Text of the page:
expansion ratio design, they are able to fire within the atmosphere quite well, as shown in previous tests. Also, a minor yet integral test was performed with Ship 20's aft flaps being opened for the first time. Over at the orbital tank farm, on Saturday morning, shell 3 was lifted off its temporary spot where it was sitting for several weeks and instead placed over GSE-6. Then on midday Thursday, GSE8 was on the road, rolling out of the production facility to the launch site. Only around 2 hours later GSE8 was hooked up to the crane and lifted off into the
air. Soon after GSE8 touched down on the final concrete pedestal, marking the last GSE tank to be lifted into place. This marks the end of an era after several months of construction of the GSE tanks starting in February this year when the first section of GSE1 was spotted.The only major work left of the orbital tank farm now is just the two final cryo shells to be moved from the Sanchez site and placed over GSE2 and the new GSE8. After being lowered earlier this week, the Liebherr LR11350 crane was raised up again, without the luffing jib that was fitted on it before, ready to start the installation of the mechazilla system on the launch tower. It’s coming! On Tuesday evening, the carriage for the catching and stacking arms started moving towards the launch tower until it stopped for several hours. On Wednesday morning, the carriage was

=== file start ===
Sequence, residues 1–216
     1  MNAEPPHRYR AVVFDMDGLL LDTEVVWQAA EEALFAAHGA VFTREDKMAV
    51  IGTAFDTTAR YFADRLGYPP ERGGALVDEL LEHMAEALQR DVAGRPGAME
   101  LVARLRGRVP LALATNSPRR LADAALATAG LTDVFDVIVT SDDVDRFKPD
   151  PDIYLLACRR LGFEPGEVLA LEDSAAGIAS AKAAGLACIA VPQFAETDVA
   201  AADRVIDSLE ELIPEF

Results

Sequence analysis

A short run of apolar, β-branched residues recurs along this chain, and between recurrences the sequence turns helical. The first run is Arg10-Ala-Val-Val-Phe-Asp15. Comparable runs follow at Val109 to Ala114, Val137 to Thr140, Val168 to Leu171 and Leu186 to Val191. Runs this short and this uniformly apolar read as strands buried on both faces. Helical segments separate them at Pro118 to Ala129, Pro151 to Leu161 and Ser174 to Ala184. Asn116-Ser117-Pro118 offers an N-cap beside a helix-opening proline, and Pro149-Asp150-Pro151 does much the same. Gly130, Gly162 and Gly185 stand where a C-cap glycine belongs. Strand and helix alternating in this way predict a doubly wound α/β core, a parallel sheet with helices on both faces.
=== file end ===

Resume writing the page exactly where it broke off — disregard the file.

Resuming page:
moved once again but this time parking right next to the crane. It was then lifted up and flipped vertically where it was moved over to the taller of the red beams set up near the launch tower. The carriage was placed down with the bottom claws sitting on the ground and the top claws resting on top of the red beam. We expect this is where the two arms will be integrated with the carriage. The Quick Disconnect Arm went through movement tests just yesterday and just check this timelapse footage by Cosmic Perspective. The full quality version of this is linked in the description. I just can’t wait to see it moving around alongside the catch arms very soon.